Let me first say that I am not a huge fan of meetings—especially when it concerns a sales team. Good salespeople are innately self-motivated, entrepreneurial in spirit, and have the desire to control their own destiny, unlike the salaried professional.
“I want a new Mac,” they say to themselves, and then go about making a deal to pay for the computer.
There are times when a meeting with your sales team is absolutely necessary, but in my experience I’ve found that the “manager” conducting the meeting has seen too many sports movies and is ultimately more invested in himself—subconsciously or not—and rarely addresses the problems of the team. He rambles on far too long, he fails to provide solutions to problems; he’s too negative in his approach.
“When I started out like you a million years ago …” Yawn. “The phone is not ringing back. What’s happening here?” You tell us. “I don’t know why I need you guys. I can do this myself.” Is that what you think of us?
The problem with most of these rah-rah speeches is that they provide little inspiration to the listener (or victim). In fact, sometimes they have the opposite effect: they take the air completely out of the room.
A solid sales meeting should last no longer than three minutes. That’s it. Three minutes. If you can’t get across an idea (not five or six ideas, one) in that time then don’t bother. Salespeople want to be on the phone working, not listening to a half hour of “Show and Tell” minus the show.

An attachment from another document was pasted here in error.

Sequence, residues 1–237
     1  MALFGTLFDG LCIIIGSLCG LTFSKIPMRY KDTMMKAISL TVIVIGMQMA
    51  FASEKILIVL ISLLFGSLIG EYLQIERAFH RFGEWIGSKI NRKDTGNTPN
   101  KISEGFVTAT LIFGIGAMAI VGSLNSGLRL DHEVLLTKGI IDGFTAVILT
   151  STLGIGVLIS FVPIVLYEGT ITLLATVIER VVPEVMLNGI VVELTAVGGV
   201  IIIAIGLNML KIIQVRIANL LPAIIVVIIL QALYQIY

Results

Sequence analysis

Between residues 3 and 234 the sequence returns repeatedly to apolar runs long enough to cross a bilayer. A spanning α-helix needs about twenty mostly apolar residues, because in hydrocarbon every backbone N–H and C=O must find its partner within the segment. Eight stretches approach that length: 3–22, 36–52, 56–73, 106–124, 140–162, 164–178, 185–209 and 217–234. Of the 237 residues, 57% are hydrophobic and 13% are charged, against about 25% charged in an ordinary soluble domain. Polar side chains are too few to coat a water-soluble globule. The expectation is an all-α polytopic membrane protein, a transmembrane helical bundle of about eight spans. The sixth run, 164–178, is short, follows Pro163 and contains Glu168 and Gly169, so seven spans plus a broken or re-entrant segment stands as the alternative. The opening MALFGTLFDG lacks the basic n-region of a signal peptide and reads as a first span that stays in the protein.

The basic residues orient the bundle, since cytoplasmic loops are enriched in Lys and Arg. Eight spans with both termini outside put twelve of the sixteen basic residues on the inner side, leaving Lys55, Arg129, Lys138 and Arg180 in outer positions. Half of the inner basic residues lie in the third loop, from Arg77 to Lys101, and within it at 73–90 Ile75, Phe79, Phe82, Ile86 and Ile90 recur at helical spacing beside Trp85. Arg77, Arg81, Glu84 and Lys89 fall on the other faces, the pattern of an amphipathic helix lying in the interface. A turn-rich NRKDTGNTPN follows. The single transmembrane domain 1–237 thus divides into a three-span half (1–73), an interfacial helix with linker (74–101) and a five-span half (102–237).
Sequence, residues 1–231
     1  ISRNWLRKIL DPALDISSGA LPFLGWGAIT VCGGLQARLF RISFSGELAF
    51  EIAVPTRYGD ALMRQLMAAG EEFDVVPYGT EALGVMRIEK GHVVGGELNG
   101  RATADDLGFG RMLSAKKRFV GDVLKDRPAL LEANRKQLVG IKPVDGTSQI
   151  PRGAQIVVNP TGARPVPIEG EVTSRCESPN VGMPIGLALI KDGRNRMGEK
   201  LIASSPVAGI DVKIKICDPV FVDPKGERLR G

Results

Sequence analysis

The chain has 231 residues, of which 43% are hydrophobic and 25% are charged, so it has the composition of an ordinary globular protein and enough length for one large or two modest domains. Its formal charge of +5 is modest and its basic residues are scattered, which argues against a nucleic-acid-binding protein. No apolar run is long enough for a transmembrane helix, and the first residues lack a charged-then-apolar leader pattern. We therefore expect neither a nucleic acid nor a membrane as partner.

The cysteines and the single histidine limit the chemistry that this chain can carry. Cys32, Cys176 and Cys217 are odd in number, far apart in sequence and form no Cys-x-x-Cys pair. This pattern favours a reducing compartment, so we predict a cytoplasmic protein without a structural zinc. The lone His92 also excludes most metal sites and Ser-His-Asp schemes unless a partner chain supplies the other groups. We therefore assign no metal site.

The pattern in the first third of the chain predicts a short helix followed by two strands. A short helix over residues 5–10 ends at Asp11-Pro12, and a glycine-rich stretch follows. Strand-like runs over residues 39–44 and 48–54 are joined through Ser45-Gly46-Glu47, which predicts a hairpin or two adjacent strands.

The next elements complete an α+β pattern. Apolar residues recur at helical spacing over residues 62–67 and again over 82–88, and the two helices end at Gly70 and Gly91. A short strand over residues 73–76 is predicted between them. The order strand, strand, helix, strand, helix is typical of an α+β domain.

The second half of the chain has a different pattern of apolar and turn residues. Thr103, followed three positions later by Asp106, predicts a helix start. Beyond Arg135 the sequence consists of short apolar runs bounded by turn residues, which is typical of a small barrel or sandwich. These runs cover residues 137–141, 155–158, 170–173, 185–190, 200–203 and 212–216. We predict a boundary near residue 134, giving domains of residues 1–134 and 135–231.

A good manager will lead by example. He will have the three minute meeting and then get on the phone and show his workers how the job is done. He won’t talk about it and then go back to his office to see how his Fantasy Baseball team stacks up. No, in a perfect sales world the manager will lead by example for thirty minutes immediately after the meeting. When employees see this, see that the boss is in the trenches too, dialing and facing rejection, their response will be positive. They’ll be energized and more determined to make deals.
Another problem with meetings is that that the manager will address the entire team but in reality he is just concerned about one or two employees. Big mistake. A good manager will speak privately with these individuals. Why would you want to disrupt the other eight or ten or twenty employees who are hitting their numbers and lighting the office on fire? It doesn’t make sense. Don’t waste their precious time.
The three-minute meeting (when necessary) is just the thing to fire up the troops. Choose one topic. For example:
“I’ve noticed the pitches are flat, guys. Jimmy, I saw you pitching while you were sitting down. Stand up when you pitch—stand tall, project. Mary, you sound too monotone when you pitch. Let’s work on vocal inflection, and don’t trail off when you ask for the deal. Keep you voice up. Carl, you have to make the pitch your own and not make it so canned. I think all of you can walk around the room a bit more. Get loose, take your breaks, collect yourself. All right, let’s get back on the phones. I’m going to be on the floor for half an hour making calls. Let’s make some sales. If you have any questions ask. I’m here to help.”
If you’re a sales manager strive for shorter and fewer meetings and get more involved in the sales process—just like your hard working employees. They’ll respond better when you lead by example. Remember, nobody respects the manager who talks about “the old days” and has no idea what his employees are up against. These are the same people who love “Dilbert” but ultimately have no clue that the cartoon strip is about them.
Let’s change that.